University of Saskatchewan professors hope students will respond to COVID-19 in critical and engaging ways by studying the ongoing pandemic in their social science courses.
History 237 and Anthropology 111 are two classes that encourage students to take real-world issues from the COVID-19 pandemic and study them through the lens of social science. Simonne Horwitz, associate professor in the Department of History, says studying different perspectives and learning from each other is important because students are the “future leaders, scientists [and] historians.”
“We can make students see that there is a value in the way in which we are working together, if we can make students contextualize what’s going on,” Horwitz said.
Horwitz is one of three professors teaching History 237: History of Infectious Diseases and Vaccines this term, a course combining topics ranging from disease to public policy. Teaching alongside her are Erika Dyck, fellow professor and Canada Research Chair in the History of Medicine, and Scott Napper, professor in the College of Medicine and senior research scientist with the Vaccine and Infectious Disease Organization.
The class is not primarily focused on the ongoing pandemic. It also includes lessons on past infectious disease and pandemic scenarios so students can reassess their own perspectives. Dyck hopes that this enables others to “move past a fight or flight response” when dealing with pandemics.
“Learning how to appreciate other kinds of perspectives and learning how to work together is actually a really valuable lesson going forward,” Dyck said.
As an example, Dyck cites the anti-vaccination movement and the attitudes behind it.
“If we want to get the brilliant minds working on public health policies so that we can reduce vaccine hesitancy and the resistance to vaccines, we need to think about why people resist them in the first place,” Dyck said.
Making informed decisions about vaccines and combating misinformation is an important part of the course, says Napper.
“I hope this course will really put all of that into context and provide a foundation for people to think about what they’re going through and make informed decisions about what they want to do,” Napper said.
For medical anthropologist and professor Pamela Downe, her research job is tracking the different social and cultural responses from the pandemic, bringing the most updated information available to her class, Anthropology 111: Introduction to Cultural Anthropology.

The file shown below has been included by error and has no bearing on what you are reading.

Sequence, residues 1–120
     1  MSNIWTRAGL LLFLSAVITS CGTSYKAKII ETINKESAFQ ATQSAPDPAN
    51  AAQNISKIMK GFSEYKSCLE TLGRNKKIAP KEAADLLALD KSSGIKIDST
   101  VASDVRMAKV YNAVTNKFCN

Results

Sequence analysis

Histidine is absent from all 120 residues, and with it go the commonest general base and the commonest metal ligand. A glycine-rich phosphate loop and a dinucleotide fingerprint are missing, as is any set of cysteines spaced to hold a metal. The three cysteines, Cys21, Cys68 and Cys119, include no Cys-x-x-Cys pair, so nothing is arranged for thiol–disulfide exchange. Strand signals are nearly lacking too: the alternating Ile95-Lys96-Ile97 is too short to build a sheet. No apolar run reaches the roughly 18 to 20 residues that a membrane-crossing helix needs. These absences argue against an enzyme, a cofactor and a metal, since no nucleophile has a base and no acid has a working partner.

The course is also not exclusively based on COVID-19, but the current pandemic is part of the material. Downe says that “it’s really interesting to see students assess how they are responding to the world around them.”
Jessica Jack is a first-year medical anthropology master’s student studying under Downe’s supervision. Jack, who took Anthropology 332: Anthropology of Contagion and Infectious Disease Critical Gender and Race Perspectives, says that COVID-19 has definitely changed the path of her academic career as a medical anthropologist.
Through medical anthropology, Jack has seen how medical concerns are “related to every facet of the world,” forming a web of complex connections that are surfacing due to the pandemic.
“COVID has just shined a light on all of those points of connection,” Jack said, also pointing to anti-masker rhetoric as an example. She says the movement highlights Canada’s political structures, which reflects individualism.
“We really praise and prize this sense of ‘we can do whatever we want’ because that’s how Canada is set up,” Jack said. “COVID came in and showed us that that’s not always the case.”
Overall, Jack strongly recommends students to take at least Anthropology 111 because its “holistic” approach enables critical thinking.
“Studying a pandemic while it’s happening makes your classwork and your academic work a lot more emergent in that you know what you’re looking at and the results of your work can be immediately applicable,” Jack said.
“It feels like you’re on the cutting edge, all the time.”
Fiza Baloch | Staff Writer
Graphic: Anh Phan | Design Editor